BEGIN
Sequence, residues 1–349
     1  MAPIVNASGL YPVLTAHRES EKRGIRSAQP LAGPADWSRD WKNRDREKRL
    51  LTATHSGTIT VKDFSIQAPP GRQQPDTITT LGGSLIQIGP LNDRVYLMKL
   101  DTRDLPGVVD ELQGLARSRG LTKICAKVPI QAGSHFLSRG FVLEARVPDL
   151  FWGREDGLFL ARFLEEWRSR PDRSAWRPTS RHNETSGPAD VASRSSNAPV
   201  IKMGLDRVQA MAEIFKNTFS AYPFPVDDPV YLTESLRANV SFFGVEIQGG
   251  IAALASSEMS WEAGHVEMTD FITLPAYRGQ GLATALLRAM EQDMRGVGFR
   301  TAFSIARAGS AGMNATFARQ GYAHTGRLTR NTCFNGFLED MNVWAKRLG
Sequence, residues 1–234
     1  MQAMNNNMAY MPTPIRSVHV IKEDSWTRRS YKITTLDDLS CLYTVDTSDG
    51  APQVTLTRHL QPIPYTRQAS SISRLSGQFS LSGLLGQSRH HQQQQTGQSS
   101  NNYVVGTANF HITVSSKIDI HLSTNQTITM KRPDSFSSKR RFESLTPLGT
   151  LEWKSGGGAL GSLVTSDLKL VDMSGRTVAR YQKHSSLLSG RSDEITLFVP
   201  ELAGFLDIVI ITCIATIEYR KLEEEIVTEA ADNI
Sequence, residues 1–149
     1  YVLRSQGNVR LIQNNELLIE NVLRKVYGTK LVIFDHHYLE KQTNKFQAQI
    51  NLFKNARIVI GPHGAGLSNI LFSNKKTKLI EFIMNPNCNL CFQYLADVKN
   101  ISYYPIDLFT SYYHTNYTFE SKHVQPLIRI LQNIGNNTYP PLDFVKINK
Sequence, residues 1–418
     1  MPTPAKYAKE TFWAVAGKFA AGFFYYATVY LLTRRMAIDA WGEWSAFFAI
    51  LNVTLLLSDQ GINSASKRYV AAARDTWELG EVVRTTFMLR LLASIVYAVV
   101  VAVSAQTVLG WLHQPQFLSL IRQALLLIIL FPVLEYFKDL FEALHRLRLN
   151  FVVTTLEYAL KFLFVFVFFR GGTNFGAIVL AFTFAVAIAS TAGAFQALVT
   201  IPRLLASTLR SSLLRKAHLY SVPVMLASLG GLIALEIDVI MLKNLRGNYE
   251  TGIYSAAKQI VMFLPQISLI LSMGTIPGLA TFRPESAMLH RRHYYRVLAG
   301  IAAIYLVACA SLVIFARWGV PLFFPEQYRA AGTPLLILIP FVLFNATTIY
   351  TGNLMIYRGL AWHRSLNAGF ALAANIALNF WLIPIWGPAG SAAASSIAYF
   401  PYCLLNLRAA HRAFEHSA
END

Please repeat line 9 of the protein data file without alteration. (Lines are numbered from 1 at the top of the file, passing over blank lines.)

Sequence, residues 1–234